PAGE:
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Considering only the revolution of the Earth and the moon around their common center of mass;

what is the ratio of the kinetic energies of the moon and the Earth?

If you like use Me for the mass of the Earth, Mm for the mass of the moon and R for the distance between their centers.

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In the center of mass frame, their momenta must be equal and opposite.

Kinetic energy is:

KE = p^2 / 2m

So if magnitude of momentum is equal, kinetic energy is inversely proportional to mass.

So KE(moon) / KE(earth) = m(earth) / m(moon)

D–Holy overkill batman! Good job anyway though. :p

They must be equal. KE= 1/2 mv^2. The higher moon velocity compensates for its lesser mass. You may compare this to using Jupiter as a slingshot for a spacecraft. The energy gained by the spacecraft in slinging it faster matches exactly energy lost by Jupiter (however so immeasurably inconsequential to that planet). Remember, KISS- Keep It Simple [something].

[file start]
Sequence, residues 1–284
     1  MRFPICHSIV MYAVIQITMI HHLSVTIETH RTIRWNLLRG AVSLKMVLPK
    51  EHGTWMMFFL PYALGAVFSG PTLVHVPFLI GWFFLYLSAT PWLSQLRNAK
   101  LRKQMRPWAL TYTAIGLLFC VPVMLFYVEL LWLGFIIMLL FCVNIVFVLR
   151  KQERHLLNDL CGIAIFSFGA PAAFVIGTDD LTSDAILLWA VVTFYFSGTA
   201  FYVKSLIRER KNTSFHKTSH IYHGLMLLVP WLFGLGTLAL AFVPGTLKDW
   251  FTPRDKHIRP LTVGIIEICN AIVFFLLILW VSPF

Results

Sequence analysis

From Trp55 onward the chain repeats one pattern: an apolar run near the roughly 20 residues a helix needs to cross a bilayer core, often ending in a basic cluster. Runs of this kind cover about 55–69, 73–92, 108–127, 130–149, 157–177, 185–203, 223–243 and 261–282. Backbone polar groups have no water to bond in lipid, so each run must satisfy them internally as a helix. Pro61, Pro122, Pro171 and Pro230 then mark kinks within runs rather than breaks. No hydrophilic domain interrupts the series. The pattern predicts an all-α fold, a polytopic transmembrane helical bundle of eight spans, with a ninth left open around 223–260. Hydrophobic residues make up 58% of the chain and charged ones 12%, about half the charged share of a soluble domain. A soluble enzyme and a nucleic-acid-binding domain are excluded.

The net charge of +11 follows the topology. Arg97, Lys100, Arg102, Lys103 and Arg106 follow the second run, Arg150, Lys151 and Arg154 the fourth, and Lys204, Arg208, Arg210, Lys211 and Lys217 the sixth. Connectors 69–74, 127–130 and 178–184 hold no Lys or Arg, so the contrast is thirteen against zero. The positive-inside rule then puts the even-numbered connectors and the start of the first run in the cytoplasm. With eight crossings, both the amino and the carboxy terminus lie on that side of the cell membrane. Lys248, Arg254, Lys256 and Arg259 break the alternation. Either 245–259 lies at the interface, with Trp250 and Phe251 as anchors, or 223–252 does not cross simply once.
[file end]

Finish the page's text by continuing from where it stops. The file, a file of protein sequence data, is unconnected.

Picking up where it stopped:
Since we’re only considering revolution about their common center of mass, I presume we’re ignoring revolution around the sun (?).

The gravitational force on each of them is the same

G*Mm*Me/R^2

This force is constant and always pointing to each other, therefore both will move in circular orbits, and both will always remain colinear with their common center of rotation.

Let Ï = distance of center of rotation from the earth.

The centripetal acceleration of the moon is

G*Me/R^2 = vm^2 / (R – Ï)

The centripetal acceleration of the earth is

G*Mm/R^2 = ve^2 / Ï

Also their angular velocities about the center are equal

ve/Ï = vm/(R-Ï) = C

So

G*Me/R^2 = vm* C

G*Mm/R^2 = ve* C

Me*ve / Mm*vm = 1

Me*ve^2 / Mm*vm^2 = Mm/Me

The ratio of the KEs is the inverse ratio of the masses.

Even if you allow for the revolution of both bodies around the sun, the ratio of their kinetic energies will still be in proportion to their masses. However, the additional kinetic energy in the rotation of the earth about its own axis will tend to skew the ratio slightly toward Earth, which has both a disproportionately higher moment of inertia because of its larger radius and a greater angular velocity.